A new report is calling on major health changes in order to get control of the prescription opioid abuse epidemic.
Led by researchers at the Johns Hopkins Bloomberg School of Public Health, Baltimore, the report, titled “The Prescription Opioid Epidemic: An Evidence-Based Approach,” calls for changes in how medical students and physicians are trained, as well as how prescriptions are dispensed and monitored. In addition, first responders should be better trained in how to treat overdoses, and new ways of identifying and treating those with addiction should be developed.
Since 1999, sales of prescription opioids have surged more than 300%. And two million Americans misused opioids meds in 2013, according to the U.S. Centers for Disease Control and Prevention. That year, more than 16,000 people died from prescription opioid overdoses.
Specifics in the report include stricter oversight of clinical prescribing and more comprehensive training of medical students, who currently receive very little instruction on the subject. In addition, pharmacies and pharmacy benefit managers should have an expanded role as they are intermediaries between prescribers and patients. Greater use of electronic prescribing will also identify high-risk patients and practitioners.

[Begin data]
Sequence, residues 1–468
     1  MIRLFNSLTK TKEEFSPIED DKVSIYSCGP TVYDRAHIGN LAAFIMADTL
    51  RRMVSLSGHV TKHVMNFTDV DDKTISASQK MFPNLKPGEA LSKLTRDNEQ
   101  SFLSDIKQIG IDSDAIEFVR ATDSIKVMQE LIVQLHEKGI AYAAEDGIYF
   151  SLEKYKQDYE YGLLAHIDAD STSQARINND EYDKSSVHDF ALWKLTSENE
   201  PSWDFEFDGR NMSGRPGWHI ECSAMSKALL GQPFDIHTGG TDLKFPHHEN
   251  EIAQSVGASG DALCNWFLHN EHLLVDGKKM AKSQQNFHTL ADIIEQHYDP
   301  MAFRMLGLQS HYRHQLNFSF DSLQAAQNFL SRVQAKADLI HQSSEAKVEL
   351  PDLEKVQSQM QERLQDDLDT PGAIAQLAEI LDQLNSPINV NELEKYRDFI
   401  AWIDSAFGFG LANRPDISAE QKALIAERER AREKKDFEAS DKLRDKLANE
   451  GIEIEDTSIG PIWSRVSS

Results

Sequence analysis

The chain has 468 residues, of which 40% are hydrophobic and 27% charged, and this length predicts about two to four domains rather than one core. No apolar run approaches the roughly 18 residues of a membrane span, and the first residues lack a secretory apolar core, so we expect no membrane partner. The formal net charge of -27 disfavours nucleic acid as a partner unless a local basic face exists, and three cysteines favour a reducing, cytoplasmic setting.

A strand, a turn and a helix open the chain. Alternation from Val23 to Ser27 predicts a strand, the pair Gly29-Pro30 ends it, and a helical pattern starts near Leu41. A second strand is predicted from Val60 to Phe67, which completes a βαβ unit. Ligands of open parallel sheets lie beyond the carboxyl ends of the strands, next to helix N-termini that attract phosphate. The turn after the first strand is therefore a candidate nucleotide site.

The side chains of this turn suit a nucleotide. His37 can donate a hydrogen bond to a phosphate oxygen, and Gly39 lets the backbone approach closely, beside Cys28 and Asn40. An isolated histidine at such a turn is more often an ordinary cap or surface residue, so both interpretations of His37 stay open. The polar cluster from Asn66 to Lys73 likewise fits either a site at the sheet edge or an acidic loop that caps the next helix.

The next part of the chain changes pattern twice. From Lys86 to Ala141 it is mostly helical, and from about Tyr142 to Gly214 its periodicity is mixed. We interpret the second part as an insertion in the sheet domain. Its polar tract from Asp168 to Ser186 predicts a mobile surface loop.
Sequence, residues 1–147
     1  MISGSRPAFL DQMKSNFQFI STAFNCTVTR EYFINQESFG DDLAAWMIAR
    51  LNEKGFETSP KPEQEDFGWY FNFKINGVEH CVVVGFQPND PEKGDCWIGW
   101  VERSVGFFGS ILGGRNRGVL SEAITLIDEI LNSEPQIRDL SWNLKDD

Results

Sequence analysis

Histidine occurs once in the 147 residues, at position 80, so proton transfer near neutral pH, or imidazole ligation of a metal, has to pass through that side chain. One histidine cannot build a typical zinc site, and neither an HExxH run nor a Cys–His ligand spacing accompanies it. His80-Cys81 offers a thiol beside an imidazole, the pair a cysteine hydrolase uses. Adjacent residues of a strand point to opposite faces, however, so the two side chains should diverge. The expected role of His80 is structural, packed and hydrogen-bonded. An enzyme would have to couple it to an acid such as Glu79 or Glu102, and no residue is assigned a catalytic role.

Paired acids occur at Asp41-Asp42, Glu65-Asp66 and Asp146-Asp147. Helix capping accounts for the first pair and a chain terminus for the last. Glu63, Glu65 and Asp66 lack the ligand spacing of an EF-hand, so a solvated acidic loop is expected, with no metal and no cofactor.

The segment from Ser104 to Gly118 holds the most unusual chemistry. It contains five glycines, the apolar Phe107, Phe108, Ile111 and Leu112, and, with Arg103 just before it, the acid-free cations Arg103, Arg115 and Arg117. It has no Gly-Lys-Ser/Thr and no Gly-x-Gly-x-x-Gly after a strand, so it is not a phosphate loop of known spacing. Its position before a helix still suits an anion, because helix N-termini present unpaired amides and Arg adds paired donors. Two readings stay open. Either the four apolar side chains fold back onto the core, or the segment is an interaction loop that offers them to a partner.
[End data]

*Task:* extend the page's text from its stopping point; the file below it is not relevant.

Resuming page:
In addition, the authors call for mandatory use of Prescription Drug Monitoring Programs, state databases that track controlled substance prescriptions from pharmacies.
A group of experts, led by researchers at the Johns Hopkins Bloomberg School of Public Health, are recommending several health care changes aimed at curbing the prescription opioid epidemic, a crisis that is killing an average of 44 people a day in the U.S.
The new recommendations were developed by professionals from medicine, pharmacy, injury prevention, and law with input from patient representatives, insurers, and drug manufacturers.
The report, calls for the following changes:
how medical students and physicians are trained;
how prescriptions are dispensed and monitored;
how first responders are equipped to treat overdoses;
and how those with addiction are identified and treated.